Workouts to Try at Home

By Michele Vanderyacht, Epic Fitness 

So, your gym has temporarily closed due to the new governmental regulations. Rather than stopping your workouts, now is the time to adapt. It’s time for at-home fitness.  

It takes a little effort, but a home workout will not only keep you in shape, but it will also keep you from going stir-crazy. As long as you do cardio and hit the five basic movements, you should be ready to go back to your gym as soon as the doors open.

The five basic movements consist of push, pull, hip-hinge, squat and a core stabilizer. Do two sets of 12 reps and alternate the exercises on different days so you are not just working one area. If you have any questions about how to do these workouts, try a quick YouTube search.

Push movement: Push-up

Push-ups can be done against a wall or on your knees if the traditional type is too hard.

Pull movement: Row

Similar to rowing a boat, a row is an exercise where you extend your arms in front of you (typically holding a weight or band) and then bend your elbows and pull back. If you have a resistance band, tie it around something stable. Make sure to keep your back straight and bring your elbows to your sides as you pull back.

Hip hinge

Stand with your feet hip-width apart, knees slightly bent, and hands on your hips. With your weight in your heels, push your hips back behind you, and hinge forward. Continue bending at the hips until your torso is at about 45 degrees, or halfway between upright and parallel to the floor.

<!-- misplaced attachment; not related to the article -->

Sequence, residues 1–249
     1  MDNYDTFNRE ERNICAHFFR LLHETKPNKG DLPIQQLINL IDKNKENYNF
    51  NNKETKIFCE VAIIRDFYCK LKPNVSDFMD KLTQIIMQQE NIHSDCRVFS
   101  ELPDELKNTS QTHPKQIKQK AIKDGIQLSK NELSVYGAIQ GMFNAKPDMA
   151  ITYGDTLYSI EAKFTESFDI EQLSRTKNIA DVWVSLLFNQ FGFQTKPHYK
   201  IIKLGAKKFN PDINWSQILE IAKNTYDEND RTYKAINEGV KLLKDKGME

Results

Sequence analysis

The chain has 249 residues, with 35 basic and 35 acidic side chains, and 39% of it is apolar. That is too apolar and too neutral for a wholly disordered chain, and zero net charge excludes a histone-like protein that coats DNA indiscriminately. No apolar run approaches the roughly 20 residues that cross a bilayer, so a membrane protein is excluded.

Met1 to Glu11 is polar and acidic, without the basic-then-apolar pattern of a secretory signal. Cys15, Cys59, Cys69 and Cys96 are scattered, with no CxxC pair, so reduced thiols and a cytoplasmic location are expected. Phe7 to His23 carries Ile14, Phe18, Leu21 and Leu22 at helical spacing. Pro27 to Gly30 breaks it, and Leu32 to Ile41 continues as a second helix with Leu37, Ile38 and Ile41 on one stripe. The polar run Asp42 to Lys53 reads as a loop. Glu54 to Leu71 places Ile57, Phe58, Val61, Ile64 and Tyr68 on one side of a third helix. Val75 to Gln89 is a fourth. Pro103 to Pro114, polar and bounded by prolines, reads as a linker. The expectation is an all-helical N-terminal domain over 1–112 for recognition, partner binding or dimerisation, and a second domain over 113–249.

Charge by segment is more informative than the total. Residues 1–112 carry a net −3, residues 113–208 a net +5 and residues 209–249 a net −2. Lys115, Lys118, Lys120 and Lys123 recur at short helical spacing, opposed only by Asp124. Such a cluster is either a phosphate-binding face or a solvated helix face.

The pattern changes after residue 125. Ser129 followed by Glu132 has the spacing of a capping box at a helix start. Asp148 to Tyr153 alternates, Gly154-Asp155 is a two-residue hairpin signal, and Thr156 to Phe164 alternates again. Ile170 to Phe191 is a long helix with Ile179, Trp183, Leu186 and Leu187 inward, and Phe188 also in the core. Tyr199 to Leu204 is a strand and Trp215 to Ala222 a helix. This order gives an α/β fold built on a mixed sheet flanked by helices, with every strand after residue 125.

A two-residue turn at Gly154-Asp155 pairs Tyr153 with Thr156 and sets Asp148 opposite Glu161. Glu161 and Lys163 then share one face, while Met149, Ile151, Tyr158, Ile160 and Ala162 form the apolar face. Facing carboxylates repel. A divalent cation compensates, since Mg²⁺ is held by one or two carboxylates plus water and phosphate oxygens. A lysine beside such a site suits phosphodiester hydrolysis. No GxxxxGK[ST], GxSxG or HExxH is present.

The squat can be done with or without weights. Stand with your head facing forward and your chest held up and out. Place your feet shoulder-width apart or slightly wider. Extend your hands straight out in front of you to help keep your balance. You can also bend the elbows or clasp the fingers. Sit back and down like you’re sitting in an imaginary chair. Keep your head facing forward as your upper body bends forward a bit. Rather than allowing your back to round, let your lower back arch slightly as you descend. Lower down so your thighs are as parallel to the floor as possible, with your knees over your ankles. Press your weight back into your heels. Keep your body tight and push through your heels to bring yourself back to the starting position.

Core stabilizer: Plank

One of the best exercises for the core is the plank. Plant your hands directly under your shoulders (slightly wider than shoulder-width) like you’re about to do a push-up. Ground toes into the floor and squeeze glutes to stabilize your body. Your legs should be working, too — be careful not to lock or hyperextend your knees. Neutralize your neck and spine by looking at a spot on the floor about a foot beyond your hands. Your head should be in line with your back. Hold the position for 20 seconds. As you get more comfortable with the move, hold your plank for as long as possible without compromising your form or breath.  

Lastly, make sure you get out for a run or a fast pace walk. The fresh air will do you well not only physically, but mentally. Stay ahead of the curve so that your fitness doesn’t suffer before gym doors open once again!

Michele Vanderyacht is the General Manager of Epic Fitness.


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